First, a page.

Robot Teleoperation Solution

The robot you will be controlling is a flying quadrotor, the Parrot ARDrone. There is a fair amount of software infrastructure that goes into translating movement commands into differential rotor speeds that drive the robot around, but I (and others) have taken care of that for you. The robot is listening for instructions delivered over the network in a particular format; your task will be to send those instructions based on the controls your application user is sending. Since not all of you have a robot to test your code with, I have written a robot simulator that sits on the web. You can point a web browser at http://lear.cs.okstate.edu/robot_sim.html.

When you connect with your application and send the correct messages, the robot on the web will move appropriately. Note that there is only one simulator running; if several people are testing their programs at the same time, the simulated robot will be responding to all of their instructions at once. The results may be amusing.

Upon starting up, your program should establish a connection with the robot. This is done by opening a Socket for writing at IP address “lear.cs.okstate.edu” and port “9095”. Notice that this port is located at the same address as the web server; that’s because the robot simulator is running there and piping its output to the web page.

After the assignment is turned in, you will have the opportunity to use your controller to fly a real robot, which might have a different IP address. Make sure it’s easy to change.

The messages you will be sending to the robot are encoded in a format called JSON, which is a simple text format for sending objects over the internet. It is simple, but it is not terribly easy to work with in Java, because JSON strings include a lot of quotation marks. And as you well know, quotation marks begin and end a String in Java, which means that assembling strings with internal quotation marks is a little messy – you have to escape them with backslashes.

A generic JSON message looks like the following:

{"name1":"stringvalue1", "name2":numericvalue, "object":{"instance":"value"}}
Thus, it is a series of name-value pairs, with curly brackets denoting object nesting levels and quotation marks surrounding every string (but not numbers).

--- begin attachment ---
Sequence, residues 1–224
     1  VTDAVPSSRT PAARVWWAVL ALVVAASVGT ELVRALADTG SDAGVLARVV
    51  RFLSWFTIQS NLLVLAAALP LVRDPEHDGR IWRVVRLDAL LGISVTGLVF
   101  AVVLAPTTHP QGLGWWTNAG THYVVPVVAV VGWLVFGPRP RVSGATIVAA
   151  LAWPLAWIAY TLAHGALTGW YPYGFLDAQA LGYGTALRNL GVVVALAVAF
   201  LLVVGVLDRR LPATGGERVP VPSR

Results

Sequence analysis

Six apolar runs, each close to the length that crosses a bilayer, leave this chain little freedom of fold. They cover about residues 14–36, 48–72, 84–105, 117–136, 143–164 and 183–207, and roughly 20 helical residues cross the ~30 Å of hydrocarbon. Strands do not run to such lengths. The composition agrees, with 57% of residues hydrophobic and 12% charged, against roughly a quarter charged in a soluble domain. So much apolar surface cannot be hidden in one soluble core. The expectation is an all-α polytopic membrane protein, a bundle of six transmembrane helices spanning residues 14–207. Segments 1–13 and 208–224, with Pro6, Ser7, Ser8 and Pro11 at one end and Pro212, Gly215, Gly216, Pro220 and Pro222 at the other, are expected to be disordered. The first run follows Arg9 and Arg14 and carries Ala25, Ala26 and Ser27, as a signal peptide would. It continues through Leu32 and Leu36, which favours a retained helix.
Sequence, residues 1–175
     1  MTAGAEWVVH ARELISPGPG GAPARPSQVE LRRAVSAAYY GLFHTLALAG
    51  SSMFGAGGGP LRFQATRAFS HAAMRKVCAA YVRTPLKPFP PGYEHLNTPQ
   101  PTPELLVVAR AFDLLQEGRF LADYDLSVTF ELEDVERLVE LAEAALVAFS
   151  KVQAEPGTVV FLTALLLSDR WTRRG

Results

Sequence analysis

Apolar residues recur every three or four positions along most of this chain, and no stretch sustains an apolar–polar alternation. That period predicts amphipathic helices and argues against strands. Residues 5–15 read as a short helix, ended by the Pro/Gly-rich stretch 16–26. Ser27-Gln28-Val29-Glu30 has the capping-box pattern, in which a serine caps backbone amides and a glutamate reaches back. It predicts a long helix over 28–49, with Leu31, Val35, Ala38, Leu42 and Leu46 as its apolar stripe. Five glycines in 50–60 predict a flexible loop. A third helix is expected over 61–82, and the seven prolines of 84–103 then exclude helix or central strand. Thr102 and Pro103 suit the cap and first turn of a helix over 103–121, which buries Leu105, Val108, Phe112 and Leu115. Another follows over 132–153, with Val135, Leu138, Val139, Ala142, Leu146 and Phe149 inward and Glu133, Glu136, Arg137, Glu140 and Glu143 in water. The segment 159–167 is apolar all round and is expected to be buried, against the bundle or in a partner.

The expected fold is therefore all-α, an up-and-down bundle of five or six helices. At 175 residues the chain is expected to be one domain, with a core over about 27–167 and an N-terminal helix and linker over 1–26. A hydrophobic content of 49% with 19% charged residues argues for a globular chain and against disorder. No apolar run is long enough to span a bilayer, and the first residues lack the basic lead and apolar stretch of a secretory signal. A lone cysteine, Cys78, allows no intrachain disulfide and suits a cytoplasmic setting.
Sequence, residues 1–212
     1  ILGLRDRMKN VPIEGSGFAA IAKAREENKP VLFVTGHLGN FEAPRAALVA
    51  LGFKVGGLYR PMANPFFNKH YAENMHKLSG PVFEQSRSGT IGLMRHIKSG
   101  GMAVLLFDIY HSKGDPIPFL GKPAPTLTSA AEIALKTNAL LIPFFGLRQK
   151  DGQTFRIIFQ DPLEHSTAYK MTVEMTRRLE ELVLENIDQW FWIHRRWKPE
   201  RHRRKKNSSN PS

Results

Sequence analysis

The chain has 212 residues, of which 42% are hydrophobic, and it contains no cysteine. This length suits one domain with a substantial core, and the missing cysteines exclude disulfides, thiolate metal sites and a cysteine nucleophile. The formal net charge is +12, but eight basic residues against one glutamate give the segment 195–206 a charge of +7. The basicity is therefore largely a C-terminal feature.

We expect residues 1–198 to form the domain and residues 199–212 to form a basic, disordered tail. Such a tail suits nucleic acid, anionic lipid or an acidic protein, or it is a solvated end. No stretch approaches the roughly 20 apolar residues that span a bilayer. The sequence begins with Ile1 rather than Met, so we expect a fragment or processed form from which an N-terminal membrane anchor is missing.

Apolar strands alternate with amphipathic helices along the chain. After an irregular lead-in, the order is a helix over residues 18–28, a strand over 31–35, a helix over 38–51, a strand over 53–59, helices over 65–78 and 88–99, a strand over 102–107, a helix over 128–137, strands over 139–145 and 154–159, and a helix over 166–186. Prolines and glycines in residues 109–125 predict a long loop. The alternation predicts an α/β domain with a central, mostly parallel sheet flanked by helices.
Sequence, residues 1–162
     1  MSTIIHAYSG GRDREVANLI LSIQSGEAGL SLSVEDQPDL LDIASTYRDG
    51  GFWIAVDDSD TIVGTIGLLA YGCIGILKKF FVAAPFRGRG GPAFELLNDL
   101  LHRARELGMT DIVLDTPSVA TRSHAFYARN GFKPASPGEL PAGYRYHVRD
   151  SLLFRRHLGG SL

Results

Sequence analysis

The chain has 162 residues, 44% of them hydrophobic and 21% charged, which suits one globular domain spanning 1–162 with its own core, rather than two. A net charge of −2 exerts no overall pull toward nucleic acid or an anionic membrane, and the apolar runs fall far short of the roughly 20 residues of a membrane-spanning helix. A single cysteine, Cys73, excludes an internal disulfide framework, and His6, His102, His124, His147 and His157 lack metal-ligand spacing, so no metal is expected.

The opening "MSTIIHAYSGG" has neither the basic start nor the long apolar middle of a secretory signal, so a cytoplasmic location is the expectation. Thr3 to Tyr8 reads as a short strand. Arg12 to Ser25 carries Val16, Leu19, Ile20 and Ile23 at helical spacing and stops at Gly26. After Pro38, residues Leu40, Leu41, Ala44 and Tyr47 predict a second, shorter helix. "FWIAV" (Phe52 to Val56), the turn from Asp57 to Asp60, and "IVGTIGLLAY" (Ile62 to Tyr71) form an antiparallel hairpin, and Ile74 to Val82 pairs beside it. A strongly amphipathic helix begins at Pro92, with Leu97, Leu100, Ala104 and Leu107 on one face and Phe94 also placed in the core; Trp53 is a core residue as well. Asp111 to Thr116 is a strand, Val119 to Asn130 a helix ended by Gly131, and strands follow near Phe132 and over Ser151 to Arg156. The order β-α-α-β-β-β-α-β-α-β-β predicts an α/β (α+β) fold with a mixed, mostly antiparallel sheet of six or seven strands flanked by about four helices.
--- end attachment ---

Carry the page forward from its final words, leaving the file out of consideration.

Your program will send three different kinds of messages to the robot: a takeoff instruction, a land instruction and a move instruction.

The JSON for the takeoff instruction is:

{"op":"publish","topic":"/ardrone/takeoff","msg":{}}
In order to construct this string in Java, you will have to write something like the following:

String takeoff_msg = "{\"op\":\"publish\",\"topic\":\"/ardrone/takeoff\",\"msg\":{}}";
It’s messy, but it’s the way JSON is formatted and the way Java functions.

The message for landing is very similar:

{"op":"publish","topic":"/ardrone/land","msg":{}}
The movement message is significantly more complicated, because you are sending actual information. It contains six numbers corresponding to the linear and angular velocities along the robot’s various axes.

This is what a message telling the robot to stop moving looks like:

{"op":"publish",
"topic":"/cmd_vel",
"msg":{"linear":{"x":0,
"y":0,
"z":0},
"angular":{"x":0,
"y":0,
"z":0}}}
I’ve inserted formatting line breaks and spaces to make it easier to read; the actual message is all one line just like the takeoff and land messages.

The robot is able to move in four of these six dimensions. A positive linear x number tells the robot to move forward, negative means backward. Linear y is the left/right dimension, and linear z is the up/down (altitude) dimension. All of these values are in meters/second. A positive angular z velocity means rotate to the left, negative means to the right, in radians per second.

Although movement messages also contain fields for angular x (roll) and angular y (pitch), this particular robot cannot rotate freely around those axes, so those fields should always be 0.

After you have connected the Socket and sent the handshake message, you can send these JSON messages as often as you like. Make sure you flush your output buffer after you send each message.

Your program should provide the user with a set of controls – exactly how they are displayed and used is up to you. The controls should allow the user to takeoff and land, move forward and backward, up and down, right and left, and turn. When the user indicates that she wants the robot to move in a specific way, the program must construct the appropriate JSON message and send it over the wire.

Note that the program must also figure out how and when to send a message for the robot to stop, otherwise it will keep going until it crashes. If the messages are being formatted and sent correctly, the behavior will show up in the robot simulator.

Note that you will get no feedback if they are not correct (except that the darn robot won’t move); think about how you can print out intermediate results for testing.

The robot is also a physical object that is subject to physical laws and physical damage; I suggest limiting your linear speeds to +/- 0.25 m/s and your angular speed to +/- 1 radian/s.

Note: The JSON specification is unnecessarily strict about what a number should look like. Decimals between -1 and 1 must have a leading zero digit. .25 is wrong; it must be written 0.25.

Note: The robot in the simulator is facing down when the webpage is first loaded, so a command to move forward should make the image travel down toward the bottom of the screen, and a command to move left will send it to the robot’s left, which is to the right, viewed from your perspective – at least until you start sending it commands to turn.

Extra Credit: Add adjustable speed controls to your user interface that make the robot speed up and slow down.
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